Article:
Figure 1. The chemical structure of Celangulin-V and some reviously reported insecticidal β-dihydroagarofuran derivatives.
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Figure 2. The synchronous fluorescence spectra of of both JW-3 and the H subunit of V-ATPase at a constant offset value Δλ = 15 nm.
Figure 2. The synchronous fluorescence spectra of of both JW-3 and the H subunit of V-ATPase at a constant offset value Δλ = 15 nm.
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Figure 3. The fluorescence quenching spectra of JW-3 by the subunit H of V-ATPase at 298 K and pH 6.8. (A) In the absence of JW-3; (B) In the constant concentration of JW-3 (6.578 × 10−5 M). The concentration of the protein changed from a to v (10−7 M): 0, 0.67, 2.00, 3.32, 4.62, 5.90, 7.17, 8.42, 9.66, 10.88, 12.08, 13.27, 14.45, 15.61, 16.75, 17.89, 19.00, 20.11, 21.20, 22.29, 23.35, 24.41.
Figure 3. The fluorescence quenching spectra of JW-3 by the subunit H of V-ATPase at 298 K and pH 6.8. (A) In the absence of JW-3; (B) In the constant concentration of JW-3 (6.578 × 10−5 M). The concentration of the protein changed from a to v (10−7 M): 0, 0.67, 2.00, 3.32, 4.62, 5.90, 7.17, 8.42, 9.66, 10.88, 12.08, 13.27, 14.45, 15.61, 16.75, 17.89, 19.00, 20.11, 21.20, 22.29, 23.35, 24.41.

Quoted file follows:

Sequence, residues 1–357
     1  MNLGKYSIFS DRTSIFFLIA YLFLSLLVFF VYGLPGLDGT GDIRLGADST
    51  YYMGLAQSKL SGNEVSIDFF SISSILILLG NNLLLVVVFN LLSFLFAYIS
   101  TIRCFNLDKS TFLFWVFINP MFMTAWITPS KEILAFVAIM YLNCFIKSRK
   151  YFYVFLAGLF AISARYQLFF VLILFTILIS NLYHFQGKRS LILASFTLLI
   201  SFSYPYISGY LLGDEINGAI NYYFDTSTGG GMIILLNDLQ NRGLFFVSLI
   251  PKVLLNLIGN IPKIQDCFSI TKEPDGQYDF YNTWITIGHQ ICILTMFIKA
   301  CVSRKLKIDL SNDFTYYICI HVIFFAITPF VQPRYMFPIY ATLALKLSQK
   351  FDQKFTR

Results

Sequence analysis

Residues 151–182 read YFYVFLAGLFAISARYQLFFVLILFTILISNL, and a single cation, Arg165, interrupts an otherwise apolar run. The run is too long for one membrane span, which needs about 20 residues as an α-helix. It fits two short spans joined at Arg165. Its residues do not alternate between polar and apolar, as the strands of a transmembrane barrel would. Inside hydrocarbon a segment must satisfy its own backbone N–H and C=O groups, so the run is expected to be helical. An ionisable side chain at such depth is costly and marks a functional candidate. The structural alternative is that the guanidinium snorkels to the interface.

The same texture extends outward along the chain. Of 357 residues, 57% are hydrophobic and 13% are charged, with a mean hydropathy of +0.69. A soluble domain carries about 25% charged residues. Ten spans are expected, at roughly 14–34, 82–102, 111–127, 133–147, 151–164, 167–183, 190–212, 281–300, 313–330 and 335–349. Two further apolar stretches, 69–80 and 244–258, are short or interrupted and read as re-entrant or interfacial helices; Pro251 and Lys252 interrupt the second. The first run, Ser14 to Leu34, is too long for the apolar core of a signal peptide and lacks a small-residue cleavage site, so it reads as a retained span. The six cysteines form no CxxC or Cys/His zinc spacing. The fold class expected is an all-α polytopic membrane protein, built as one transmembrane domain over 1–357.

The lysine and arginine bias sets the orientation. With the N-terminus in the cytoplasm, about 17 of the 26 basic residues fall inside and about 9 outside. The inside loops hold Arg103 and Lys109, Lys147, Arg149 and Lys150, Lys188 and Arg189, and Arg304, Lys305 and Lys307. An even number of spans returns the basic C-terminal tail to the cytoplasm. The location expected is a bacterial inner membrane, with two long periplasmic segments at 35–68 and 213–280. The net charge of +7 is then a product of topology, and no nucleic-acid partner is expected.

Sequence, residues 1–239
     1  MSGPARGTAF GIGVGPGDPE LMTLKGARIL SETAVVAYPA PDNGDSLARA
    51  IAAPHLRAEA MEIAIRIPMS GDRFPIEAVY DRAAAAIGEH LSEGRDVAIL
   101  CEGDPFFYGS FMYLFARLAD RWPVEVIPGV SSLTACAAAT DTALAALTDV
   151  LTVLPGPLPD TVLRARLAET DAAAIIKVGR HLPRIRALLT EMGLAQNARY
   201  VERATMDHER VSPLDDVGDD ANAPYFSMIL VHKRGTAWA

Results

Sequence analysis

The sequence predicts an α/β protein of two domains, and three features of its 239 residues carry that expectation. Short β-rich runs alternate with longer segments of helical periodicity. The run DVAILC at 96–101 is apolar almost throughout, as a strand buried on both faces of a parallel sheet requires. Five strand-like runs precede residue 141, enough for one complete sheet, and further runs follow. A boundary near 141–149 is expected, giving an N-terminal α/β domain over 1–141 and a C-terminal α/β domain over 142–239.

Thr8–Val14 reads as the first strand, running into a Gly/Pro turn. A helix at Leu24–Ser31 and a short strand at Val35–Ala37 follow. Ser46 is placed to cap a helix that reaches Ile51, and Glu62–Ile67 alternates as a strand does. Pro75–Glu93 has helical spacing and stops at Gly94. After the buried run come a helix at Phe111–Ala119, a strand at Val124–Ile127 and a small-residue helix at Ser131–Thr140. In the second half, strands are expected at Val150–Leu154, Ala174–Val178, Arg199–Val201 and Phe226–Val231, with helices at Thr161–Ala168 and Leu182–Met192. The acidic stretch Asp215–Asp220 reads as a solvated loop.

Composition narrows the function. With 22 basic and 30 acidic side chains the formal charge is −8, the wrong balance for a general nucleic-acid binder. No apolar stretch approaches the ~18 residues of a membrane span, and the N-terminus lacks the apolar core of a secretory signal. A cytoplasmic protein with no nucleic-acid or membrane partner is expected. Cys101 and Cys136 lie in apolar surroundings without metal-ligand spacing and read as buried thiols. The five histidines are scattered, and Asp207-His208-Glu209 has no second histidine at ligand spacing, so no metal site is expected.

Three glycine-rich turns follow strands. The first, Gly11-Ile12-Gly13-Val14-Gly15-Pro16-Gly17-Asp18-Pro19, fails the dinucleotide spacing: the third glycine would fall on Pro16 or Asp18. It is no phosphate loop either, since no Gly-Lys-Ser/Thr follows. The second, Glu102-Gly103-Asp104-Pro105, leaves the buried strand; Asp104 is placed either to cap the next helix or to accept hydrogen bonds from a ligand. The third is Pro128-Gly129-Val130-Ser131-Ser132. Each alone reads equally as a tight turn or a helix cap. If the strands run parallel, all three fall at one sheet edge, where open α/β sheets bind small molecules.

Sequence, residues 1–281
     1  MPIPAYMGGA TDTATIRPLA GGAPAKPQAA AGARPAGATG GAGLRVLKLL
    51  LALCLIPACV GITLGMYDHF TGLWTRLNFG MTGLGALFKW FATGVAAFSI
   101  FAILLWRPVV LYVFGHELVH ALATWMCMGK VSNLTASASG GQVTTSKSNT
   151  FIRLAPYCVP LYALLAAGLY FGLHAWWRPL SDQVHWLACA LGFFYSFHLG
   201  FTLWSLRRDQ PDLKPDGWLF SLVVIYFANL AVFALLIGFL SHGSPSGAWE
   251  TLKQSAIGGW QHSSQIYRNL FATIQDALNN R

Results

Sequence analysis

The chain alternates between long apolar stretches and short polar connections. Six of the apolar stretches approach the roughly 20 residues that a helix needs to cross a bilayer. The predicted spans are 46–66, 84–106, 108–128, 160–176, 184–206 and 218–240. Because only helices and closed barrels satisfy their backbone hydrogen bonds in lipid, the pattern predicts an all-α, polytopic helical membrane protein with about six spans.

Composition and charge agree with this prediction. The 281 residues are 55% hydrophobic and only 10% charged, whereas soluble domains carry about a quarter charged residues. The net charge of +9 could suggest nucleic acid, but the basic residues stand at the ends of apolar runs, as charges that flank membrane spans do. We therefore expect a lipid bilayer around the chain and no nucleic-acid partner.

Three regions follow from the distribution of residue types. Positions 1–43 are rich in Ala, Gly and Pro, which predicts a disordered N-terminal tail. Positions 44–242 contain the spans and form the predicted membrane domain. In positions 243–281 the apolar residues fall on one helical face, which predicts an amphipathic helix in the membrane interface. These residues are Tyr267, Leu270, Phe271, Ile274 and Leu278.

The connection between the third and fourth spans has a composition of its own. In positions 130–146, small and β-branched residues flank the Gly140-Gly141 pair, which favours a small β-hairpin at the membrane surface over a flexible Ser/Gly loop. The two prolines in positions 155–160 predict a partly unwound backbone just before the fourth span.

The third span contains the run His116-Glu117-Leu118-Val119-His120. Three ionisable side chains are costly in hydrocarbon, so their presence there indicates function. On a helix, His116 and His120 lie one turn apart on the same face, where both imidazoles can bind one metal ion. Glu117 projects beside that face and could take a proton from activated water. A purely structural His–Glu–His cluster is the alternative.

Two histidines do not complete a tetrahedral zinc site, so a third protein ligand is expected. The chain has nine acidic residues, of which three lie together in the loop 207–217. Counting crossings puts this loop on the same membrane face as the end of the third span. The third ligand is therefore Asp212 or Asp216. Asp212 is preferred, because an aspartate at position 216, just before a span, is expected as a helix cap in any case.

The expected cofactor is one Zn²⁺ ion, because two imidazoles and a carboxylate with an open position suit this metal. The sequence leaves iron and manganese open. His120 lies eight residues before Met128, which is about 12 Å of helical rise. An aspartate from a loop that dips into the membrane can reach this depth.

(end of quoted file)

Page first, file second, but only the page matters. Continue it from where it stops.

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Figure 4. Stern-Volmer plots describing JW-3 quenching caused by the subunit H of V-ATPase at three different temperatures.
Figure 4. Stern-Volmer plots describing JW-3 quenching caused by the subunit H of V-ATPase at three different temperatures.
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Figure 5. The modified Stern-Volmer plots used to obtain association constant of the subunit H of V-ATPase as reported method [15]. The temperature is as indicated in the figure.
Figure 5. The modified Stern-Volmer plots used to obtain association constant of the subunit H of V-ATPase as reported method [15]. The temperature is as indicated in the figure.